It is no coincidence that nationalistic or even xenophobic tendencies have gained ground in the past two years. For Wauquiez: "the financial crisis revived fears linked to identity." "The difficult economic and financial environment makes people more wary about immigrants, and their attitude toward illegal immigration get tougher," adds European Commissioner in charge of Interior Affairs, Cecilia Malmstrom. But she also blames governments: "Often a lack of political leadership can open the door to populist approaches on immigration. Extremism finds fertile grounds where politicians fail to engage in real debate and don't give concrete answers to problems like immigrant integration and illegal immigration management."
In the meantime, words aren't the only thing getting tougher on immigration. Practices are following suit, with the possible return to a "European fortress." Britain and the Netherlands weren't the only countries to toughen up their immigration policies: the number of residence permits granted across the EU in 2009 declined by 9% to 2.3 million.
In a union where each state remains in control of its immigration policies, the European Commission can only act indirectly to help the free movement of non-EU workers. "Europe needs legal immigration and will need it even more in the future because of negative demographic trends," says Malmstrom. Many service jobs depend on it as well as high-tech sectors already lacking researchers and engineers. "Closing the door is not in our interest," says the commissioner.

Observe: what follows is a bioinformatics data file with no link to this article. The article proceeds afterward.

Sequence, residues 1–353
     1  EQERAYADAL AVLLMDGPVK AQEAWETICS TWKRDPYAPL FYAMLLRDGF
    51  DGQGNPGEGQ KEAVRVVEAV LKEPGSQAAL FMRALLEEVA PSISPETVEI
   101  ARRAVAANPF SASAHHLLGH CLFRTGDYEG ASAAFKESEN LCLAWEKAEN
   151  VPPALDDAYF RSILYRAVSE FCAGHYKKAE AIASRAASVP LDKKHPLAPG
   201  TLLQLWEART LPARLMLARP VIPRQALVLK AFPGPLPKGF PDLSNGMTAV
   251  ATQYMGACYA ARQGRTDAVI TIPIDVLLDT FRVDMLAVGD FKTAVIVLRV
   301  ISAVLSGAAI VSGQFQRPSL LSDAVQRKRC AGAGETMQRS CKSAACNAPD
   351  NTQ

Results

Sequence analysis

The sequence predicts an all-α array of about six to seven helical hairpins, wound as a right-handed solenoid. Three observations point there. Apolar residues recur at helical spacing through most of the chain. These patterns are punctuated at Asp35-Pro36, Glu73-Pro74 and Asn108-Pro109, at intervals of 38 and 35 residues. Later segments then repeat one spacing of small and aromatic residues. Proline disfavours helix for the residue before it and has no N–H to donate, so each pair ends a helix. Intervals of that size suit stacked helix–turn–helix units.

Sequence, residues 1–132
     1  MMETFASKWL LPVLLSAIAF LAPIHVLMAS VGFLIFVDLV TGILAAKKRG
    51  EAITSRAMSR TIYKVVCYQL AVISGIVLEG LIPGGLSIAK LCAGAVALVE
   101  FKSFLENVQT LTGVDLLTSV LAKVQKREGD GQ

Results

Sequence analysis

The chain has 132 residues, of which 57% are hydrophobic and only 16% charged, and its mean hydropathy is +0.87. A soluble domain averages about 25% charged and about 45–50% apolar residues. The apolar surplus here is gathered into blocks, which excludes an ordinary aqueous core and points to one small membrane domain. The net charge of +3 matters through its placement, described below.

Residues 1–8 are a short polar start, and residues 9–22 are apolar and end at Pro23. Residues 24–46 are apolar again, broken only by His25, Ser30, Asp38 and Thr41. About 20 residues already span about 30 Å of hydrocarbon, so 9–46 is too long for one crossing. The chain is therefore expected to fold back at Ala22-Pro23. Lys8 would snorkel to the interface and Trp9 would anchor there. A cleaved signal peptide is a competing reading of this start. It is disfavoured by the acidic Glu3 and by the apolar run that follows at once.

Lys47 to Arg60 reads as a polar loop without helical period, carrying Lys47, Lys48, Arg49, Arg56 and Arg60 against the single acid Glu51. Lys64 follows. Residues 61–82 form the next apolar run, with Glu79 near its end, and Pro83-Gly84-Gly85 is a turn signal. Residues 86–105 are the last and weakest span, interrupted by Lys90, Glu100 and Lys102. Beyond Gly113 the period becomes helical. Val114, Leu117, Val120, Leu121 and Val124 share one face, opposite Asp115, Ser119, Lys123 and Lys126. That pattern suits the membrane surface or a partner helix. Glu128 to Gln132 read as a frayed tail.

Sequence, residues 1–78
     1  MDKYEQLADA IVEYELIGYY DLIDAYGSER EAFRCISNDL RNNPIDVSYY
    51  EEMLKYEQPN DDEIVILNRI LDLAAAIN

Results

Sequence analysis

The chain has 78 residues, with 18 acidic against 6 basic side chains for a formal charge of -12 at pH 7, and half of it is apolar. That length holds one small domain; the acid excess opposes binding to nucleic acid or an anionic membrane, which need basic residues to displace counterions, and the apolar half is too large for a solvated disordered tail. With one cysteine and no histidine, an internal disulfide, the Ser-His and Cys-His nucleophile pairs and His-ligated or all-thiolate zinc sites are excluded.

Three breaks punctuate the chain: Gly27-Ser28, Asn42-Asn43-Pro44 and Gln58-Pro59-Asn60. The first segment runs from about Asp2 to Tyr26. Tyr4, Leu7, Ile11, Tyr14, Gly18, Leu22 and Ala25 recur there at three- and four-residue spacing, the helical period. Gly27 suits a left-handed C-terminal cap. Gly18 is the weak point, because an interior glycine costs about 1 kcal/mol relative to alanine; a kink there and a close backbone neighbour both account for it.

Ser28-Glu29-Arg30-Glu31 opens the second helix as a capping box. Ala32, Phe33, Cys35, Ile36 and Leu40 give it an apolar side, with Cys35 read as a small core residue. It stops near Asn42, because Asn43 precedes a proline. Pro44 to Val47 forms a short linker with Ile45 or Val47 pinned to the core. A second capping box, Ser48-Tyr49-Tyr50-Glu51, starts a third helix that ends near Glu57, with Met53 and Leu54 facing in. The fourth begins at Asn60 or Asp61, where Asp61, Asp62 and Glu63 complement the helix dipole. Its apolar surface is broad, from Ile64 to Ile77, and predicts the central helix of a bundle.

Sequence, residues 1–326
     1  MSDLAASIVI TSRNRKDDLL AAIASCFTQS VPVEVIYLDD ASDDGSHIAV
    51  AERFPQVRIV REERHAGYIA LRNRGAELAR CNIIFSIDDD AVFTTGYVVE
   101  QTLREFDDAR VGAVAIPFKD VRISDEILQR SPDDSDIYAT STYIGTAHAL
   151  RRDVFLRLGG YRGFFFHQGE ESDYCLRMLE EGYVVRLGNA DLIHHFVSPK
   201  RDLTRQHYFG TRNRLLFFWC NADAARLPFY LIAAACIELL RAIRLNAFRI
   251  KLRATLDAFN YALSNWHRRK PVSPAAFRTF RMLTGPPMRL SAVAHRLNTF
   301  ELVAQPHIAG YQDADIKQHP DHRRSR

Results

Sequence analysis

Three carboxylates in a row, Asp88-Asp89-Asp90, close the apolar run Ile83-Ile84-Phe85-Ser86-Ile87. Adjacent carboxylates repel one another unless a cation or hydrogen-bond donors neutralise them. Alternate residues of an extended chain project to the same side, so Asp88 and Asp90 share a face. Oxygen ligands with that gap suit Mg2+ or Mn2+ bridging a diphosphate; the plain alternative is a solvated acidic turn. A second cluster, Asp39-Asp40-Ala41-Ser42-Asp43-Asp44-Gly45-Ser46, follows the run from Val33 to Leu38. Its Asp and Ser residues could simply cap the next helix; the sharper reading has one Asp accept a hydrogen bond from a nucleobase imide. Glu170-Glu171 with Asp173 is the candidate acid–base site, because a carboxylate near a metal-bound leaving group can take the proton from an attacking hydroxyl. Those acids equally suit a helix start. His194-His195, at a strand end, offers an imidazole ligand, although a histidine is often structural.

But France is not following the European trend. The financial crisis doesn't seem to have weakened its choice of a "chosen" and "concerted" immigration with a dozen countries. The decline in residence permits was barely visible in 2009 (down 3%) with 175,000 permits, 75% more than in Germany. And for the first 11 months of 2010, 182,000 permits have already been granted, as many as in 2008. A sign of France's openness, welcoming foreign students has a lot to do with it.
But France's immigration policy image is given by its more restrictive approach in matters of asylum (Interior Minister Brice Hortefeux pledged to limit to "real dissidents') and expulsion of illegal immigrants.